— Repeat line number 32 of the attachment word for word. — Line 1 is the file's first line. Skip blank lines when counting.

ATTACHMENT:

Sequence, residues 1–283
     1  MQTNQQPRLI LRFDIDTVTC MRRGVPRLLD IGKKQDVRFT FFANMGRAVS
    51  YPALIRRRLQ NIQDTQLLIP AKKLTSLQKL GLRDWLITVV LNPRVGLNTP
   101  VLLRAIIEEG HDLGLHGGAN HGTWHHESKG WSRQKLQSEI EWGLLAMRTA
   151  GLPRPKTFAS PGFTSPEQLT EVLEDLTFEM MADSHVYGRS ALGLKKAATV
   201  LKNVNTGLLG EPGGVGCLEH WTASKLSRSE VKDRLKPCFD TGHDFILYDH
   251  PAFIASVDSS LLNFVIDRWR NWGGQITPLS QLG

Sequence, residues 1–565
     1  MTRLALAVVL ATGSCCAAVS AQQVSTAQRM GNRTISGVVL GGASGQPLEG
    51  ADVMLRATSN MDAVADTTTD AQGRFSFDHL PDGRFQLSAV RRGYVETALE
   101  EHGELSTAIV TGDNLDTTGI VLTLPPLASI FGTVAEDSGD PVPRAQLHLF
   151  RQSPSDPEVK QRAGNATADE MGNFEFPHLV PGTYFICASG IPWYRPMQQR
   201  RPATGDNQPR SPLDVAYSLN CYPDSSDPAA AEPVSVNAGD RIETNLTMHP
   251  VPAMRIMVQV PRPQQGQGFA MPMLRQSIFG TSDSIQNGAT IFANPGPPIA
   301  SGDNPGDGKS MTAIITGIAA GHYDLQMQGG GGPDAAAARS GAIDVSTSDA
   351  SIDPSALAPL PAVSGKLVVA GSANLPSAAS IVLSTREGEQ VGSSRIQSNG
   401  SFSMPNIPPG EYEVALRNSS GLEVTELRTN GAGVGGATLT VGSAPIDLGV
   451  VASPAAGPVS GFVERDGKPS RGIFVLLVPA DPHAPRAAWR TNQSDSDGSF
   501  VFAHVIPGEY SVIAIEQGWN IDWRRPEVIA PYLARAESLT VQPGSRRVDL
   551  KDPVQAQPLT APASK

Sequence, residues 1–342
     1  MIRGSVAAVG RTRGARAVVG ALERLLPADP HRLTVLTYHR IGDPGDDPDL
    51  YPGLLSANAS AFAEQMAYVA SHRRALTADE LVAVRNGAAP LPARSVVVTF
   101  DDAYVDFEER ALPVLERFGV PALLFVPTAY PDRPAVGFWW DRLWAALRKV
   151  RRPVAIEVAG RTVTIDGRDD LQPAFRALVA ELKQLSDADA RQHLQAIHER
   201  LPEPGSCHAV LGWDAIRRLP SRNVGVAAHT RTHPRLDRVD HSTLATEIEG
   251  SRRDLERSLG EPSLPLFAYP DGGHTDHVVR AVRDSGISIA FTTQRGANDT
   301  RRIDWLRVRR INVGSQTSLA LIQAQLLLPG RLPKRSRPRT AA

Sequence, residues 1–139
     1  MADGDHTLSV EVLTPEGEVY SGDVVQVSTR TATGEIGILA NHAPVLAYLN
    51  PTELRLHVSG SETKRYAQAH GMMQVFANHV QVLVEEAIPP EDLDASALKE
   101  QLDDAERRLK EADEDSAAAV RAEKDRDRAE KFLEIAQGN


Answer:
   101  QLDDAERRLK EADEDSAAAV RAEKDRDRAE KFLEIAQGN